Monday, November 24, 2008

Career Tips for Accountants

· Carefully consider whether you want to progress within your own organisation or make an external career move. In doing so, visualise the role you wish to occupy in five years and then work backwards to determine the skills, experience and personal attributes that you need to achieve your aim. Establish an action plan.
· If you are currently in practice and want to assume a senior business role, think about taking a six month secondment to one of your clients to gain some line accountancy/finance experience. This means that you will have practical experience of being in a finance function coupled with your technical knowledge which will make your CV much more attractive to external organisations.
· Ascertain whether you want to be a senior finance generalist (eg Chief Finance Officer, Chief Operating Officer, Chief Executive) or a technical specialist (eg Corporate Financier, Venture Capitalist, Tax or Structured Finance Specialist). It can be just as rewarding in career and cash terms to be an expert as it is to be a senior manager.
· What type of organisation best suits your personal values and interests? Think about finance roles in a sector suited to you such as charities, entertainment, financial institutions, pharmaceuticals, and then become acquainted with the accounting principles in your chosen sector.
· Fed up with being an accountant? Leverage these skills in other occupations such as School Bursar, Consumer Market Research Analyst, Business Advisor or Commercial Director.
· Reached the top and want to stop, but still want to be remunerated and intellectually active? How about part-time roles including Non Executive Directorships, Senior Consultant at a smaller practice, Business Coaching or Interim Finance role. Perhaps a more noble role might be suitable such as finance director of a small charity, help with fundraising or becoming a JP or Magistrate
There are two different types of CV in the main. The chronological CV and the functional CV (skills based). The chronological is the most suitable type to choose if you are aiming to obtain interviews for a job similar to previous ones.
The functional format is applied if you are looking to change direction in your career and want to emphasise achievements and skills above employment details. With this type of CV, you can even include experience you have gained outside the working environment. For instance, you may not have any committee representation experience in the office, but may have Parish council or specialist committee experience in the community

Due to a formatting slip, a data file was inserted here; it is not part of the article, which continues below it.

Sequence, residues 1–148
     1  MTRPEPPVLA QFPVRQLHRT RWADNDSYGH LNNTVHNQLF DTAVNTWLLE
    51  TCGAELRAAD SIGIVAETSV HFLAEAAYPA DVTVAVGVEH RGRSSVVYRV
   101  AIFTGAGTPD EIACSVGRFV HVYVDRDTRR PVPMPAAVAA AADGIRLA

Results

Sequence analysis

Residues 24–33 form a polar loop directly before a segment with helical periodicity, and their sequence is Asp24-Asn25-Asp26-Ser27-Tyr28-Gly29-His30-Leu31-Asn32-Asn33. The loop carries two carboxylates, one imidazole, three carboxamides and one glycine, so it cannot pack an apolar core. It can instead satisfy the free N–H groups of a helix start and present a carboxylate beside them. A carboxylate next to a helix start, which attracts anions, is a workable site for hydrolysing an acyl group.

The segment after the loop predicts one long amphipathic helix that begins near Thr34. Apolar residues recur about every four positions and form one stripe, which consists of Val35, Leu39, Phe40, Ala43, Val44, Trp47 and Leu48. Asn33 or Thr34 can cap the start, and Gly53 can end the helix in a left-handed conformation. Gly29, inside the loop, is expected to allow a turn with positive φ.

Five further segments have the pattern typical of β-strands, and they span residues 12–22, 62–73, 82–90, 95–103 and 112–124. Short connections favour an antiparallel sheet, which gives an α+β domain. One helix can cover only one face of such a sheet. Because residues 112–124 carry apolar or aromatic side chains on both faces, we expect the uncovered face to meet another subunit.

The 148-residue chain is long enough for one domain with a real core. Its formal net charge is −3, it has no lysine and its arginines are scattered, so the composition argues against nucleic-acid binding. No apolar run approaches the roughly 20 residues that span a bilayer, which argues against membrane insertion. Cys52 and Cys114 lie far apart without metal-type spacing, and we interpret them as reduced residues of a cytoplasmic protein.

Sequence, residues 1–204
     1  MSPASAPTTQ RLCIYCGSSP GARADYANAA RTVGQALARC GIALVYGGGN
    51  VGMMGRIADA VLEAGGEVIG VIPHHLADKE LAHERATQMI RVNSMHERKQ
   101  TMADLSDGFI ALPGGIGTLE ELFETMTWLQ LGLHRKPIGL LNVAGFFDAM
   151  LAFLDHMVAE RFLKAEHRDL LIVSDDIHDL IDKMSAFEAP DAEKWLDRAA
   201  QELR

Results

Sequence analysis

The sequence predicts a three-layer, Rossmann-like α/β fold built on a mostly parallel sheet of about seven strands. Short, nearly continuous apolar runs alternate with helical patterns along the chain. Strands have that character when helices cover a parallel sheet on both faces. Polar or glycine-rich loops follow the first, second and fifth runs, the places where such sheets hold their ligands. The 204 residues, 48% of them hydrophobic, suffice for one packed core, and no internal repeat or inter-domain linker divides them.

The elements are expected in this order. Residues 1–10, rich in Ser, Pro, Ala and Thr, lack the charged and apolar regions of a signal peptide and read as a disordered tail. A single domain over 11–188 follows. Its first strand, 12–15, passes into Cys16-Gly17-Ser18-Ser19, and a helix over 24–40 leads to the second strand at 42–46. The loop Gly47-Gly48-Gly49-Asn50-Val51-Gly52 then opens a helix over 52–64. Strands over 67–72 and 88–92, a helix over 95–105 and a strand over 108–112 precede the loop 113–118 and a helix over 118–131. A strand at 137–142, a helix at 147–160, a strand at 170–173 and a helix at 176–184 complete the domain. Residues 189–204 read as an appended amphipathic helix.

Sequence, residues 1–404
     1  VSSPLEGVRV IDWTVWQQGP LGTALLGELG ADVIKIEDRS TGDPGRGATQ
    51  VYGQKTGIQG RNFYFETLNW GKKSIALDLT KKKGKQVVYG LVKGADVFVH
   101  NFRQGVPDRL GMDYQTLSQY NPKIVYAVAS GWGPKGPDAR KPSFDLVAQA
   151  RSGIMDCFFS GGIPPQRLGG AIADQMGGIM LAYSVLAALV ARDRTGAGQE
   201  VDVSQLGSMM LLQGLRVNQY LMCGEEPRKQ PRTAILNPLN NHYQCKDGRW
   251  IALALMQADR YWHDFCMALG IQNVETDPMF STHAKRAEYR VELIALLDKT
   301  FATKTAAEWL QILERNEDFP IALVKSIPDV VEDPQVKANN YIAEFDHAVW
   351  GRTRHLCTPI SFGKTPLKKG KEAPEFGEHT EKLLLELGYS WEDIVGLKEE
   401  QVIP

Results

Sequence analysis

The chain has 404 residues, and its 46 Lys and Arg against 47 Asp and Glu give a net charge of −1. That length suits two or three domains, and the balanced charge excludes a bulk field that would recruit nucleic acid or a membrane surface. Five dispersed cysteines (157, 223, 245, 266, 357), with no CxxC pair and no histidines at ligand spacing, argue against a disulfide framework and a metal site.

CV Do's and Don'ts

· Clearly state all your contact details at the top of the page, including telephone and e-mail
· Include your qualifications, with the highest level attained first. No need to list all your 'O' levels or GCSEs. Include membership of professional institutes
· Use bold to highlight different sections. Leave white space around each item to make it easy to read
· Use bullet points. They break up information and make it easier for the reader to find key information
· Use quality paper if you are sending the CV by post and put it in an A4 enevelope so you don't have to fold it
· Start bullet points with "action" verbs, write in the third person and past tense. Eg, Instigated, developed, improved, managed, co-ordinated
· For chronological CV's, make sure you start with the most recent position and work backwards.
· The CV should be no longer than two pages.
· Don't forget additional skills you may have, for instance language skills or IT skills Include any training courses you have attended that are relevant
· Check the CV carefully for spelling, grammar, punctuation and typographical errors
· Write the heading Curriculum Vitae at the top - recruiters will know what it is
· Use "I". It's a CV not a story
· Include information on religion or political affiliation. The person reading it may have a different view and you don't want to end up on the reject pile for the wrong reason
· Make up your interests! You may be asked to talk about them
· Mention salary on the CV – keep this for the covering letter if you have been asked or preferably for discussion when an offer is on the table
· Attach a photograph.

CV Content

Start by thinking about the different sections you will need and the order in which they should come. The recruiter wants to know what you have done that would be useful to them, so a useful order might be:
· Name, address, contact details at the top of the page
· Profile statement – a great way to add impact to the CV. This is a 30ish word statement that summarises your particular strengths, how you see yourself and what you have to offer. You may find it easier to write when you have completed the rest of the CV.